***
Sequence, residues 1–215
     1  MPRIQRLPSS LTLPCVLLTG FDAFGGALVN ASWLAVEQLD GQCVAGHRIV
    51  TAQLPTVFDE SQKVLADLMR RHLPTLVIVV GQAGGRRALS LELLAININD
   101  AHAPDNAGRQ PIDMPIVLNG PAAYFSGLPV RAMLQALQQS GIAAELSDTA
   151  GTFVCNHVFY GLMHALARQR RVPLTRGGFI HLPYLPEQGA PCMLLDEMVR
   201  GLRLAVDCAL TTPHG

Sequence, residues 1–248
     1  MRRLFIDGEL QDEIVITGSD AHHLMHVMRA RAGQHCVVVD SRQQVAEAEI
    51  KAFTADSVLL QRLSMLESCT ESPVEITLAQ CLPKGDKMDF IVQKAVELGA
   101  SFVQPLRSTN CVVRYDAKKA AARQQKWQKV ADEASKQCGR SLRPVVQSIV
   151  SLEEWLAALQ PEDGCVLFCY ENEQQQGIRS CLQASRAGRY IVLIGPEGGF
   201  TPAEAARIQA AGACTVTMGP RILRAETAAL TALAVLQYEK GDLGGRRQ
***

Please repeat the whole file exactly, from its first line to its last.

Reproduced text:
Sequence, residues 1–215
     1  MPRIQRLPSS LTLPCVLLTG FDAFGGALVN ASWLAVEQLD GQCVAGHRIV
    51  TAQLPTVFDE SQKVLADLMR RHLPTLVIVV GQAGGRRALS LELLAININD
   101  AHAPDNAGRQ PIDMPIVLNG PAAYFSGLPV RAMLQALQQS GIAAELSDTA
   151  GTFVCNHVFY GLMHALARQR RVPLTRGGFI HLPYLPEQGA PCMLLDEMVR
   201  GLRLAVDCAL TTPHG

Sequence, residues 1–248
     1  MRRLFIDGEL QDEIVITGSD AHHLMHVMRA RAGQHCVVVD SRQQVAEAEI
    51  KAFTADSVLL QRLSMLESCT ESPVEITLAQ CLPKGDKMDF IVQKAVELGA
   101  SFVQPLRSTN CVVRYDAKKA AARQQKWQKV ADEASKQCGR SLRPVVQSIV
   151  SLEEWLAALQ PEDGCVLFCY ENEQQQGIRS CLQASRAGRY IVLIGPEGGF
   201  TPAEAARIQA AGACTVTMGP RILRAETAAL TALAVLQYEK GDLGGRRQ